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Saturday, January 30, 2010

Marijuana Possession Case..Up in Smoke?

I was in court recently waiting for my case to be heard and watched an interesting misdemeanor trial. It was a marijuana possession case where a respected Mecklenburg County defense attorney was contesting the fact that a substance found in a vehicle was actually marijuana. In Mecklenburg County, a substance seized by the police can take a year to be analyzed by the crime lab. There are far too many cases to test every substance seized by the police. In this case, the state prosecutor was relying on the officers training and experience to testify that the substance seized was actually marijuana. Is that enough? A Marijuana Possession Case..Up in Smoke?

Under the evidence code, all evidence introduced at trial must meet foundational requirements. An officer will testify in a marijuana possession case that he/she found a substance believed to be marijuana. However, before this statement is admissible, the witness must convince the court that they have enough experience to testify that the substance is actually marijuana. Recently, there have been a series of cases handed down by the appellate courts finding that an officer's testimony is not enough to prove a substance is actually an illegal substance- Alyson Grine of the UNC school of government does a great job with this summary.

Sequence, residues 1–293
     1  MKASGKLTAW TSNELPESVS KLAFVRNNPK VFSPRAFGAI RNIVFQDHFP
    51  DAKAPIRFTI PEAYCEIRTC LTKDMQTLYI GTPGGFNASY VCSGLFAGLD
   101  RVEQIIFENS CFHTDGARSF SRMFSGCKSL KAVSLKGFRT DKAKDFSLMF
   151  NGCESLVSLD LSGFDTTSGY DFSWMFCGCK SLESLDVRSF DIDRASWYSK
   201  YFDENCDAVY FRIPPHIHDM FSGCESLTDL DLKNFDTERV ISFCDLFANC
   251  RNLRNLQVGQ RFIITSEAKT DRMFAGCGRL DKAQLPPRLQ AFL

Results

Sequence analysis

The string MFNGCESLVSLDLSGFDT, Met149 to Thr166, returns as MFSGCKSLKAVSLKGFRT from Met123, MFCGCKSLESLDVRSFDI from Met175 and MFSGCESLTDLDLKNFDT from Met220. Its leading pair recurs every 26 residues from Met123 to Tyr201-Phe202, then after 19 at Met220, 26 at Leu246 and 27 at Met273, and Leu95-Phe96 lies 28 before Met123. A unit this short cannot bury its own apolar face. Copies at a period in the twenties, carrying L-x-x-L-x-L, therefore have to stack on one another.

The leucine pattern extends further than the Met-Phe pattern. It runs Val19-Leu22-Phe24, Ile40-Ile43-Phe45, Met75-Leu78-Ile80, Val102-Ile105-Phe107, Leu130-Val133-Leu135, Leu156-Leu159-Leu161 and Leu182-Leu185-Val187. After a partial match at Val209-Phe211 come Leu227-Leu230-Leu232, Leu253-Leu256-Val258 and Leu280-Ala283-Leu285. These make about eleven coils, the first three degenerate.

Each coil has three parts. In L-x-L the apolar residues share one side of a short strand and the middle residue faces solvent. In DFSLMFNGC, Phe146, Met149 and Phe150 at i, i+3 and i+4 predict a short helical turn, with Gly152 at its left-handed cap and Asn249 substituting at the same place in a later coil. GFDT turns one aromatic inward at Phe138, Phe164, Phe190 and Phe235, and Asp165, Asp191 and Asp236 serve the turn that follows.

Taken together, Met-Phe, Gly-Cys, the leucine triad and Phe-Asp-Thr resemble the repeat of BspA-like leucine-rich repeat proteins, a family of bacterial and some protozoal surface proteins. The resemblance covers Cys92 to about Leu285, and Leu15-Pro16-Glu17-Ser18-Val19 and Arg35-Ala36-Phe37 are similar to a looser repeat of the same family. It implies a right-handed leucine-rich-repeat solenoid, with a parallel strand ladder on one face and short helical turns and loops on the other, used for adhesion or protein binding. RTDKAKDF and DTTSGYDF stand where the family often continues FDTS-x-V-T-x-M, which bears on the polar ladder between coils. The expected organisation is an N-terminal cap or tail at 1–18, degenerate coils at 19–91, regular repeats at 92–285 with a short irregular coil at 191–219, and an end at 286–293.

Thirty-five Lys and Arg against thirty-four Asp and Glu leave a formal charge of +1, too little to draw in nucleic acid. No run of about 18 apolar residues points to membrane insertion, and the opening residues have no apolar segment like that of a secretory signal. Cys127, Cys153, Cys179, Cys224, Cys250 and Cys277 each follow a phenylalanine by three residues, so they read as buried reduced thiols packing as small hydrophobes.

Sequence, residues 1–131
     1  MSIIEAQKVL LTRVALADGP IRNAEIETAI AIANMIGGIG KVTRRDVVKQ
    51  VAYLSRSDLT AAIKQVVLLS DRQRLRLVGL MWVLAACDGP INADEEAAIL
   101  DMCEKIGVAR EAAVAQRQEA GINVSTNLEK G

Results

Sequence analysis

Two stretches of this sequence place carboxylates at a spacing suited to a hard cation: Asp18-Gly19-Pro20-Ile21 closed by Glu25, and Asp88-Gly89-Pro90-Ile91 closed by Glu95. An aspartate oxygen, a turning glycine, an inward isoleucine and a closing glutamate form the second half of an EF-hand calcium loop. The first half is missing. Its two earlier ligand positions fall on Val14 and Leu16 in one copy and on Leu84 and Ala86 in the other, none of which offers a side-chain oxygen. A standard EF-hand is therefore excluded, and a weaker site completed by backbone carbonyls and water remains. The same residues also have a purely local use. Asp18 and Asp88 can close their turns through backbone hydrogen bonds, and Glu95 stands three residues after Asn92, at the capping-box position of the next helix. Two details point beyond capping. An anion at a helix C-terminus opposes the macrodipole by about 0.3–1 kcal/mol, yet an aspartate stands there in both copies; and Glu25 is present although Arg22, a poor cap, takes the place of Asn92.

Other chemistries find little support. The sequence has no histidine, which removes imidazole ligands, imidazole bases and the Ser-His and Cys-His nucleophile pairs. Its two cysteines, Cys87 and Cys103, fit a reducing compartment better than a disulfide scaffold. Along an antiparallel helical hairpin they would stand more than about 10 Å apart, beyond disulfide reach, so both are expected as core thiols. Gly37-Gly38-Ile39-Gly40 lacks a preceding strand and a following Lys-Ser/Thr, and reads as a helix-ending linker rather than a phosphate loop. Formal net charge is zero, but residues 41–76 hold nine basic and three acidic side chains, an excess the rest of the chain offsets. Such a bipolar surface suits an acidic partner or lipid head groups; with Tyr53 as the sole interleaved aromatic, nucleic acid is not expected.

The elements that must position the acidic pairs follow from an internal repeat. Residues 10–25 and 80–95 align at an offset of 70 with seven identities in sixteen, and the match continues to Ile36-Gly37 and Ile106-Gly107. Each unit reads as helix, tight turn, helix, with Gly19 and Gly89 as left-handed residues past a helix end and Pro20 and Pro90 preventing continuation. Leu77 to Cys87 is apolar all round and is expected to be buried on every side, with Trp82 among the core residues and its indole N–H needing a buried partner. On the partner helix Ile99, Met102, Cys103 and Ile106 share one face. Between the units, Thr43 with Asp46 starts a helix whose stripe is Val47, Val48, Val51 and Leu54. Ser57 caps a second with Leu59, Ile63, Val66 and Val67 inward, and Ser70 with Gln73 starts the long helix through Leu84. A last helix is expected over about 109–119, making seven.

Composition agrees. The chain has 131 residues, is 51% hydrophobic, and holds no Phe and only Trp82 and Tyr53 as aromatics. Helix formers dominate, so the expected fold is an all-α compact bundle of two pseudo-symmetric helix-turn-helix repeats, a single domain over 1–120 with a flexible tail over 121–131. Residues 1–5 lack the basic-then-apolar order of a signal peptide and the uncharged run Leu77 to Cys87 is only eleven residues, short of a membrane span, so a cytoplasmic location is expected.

The defendant in the above case was found not guilty. The prosecutions case was also weakened by the fact that the marijuana was found in the backseat of the car and the defendant was the driver.

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posted by Carilyn Ibsen at

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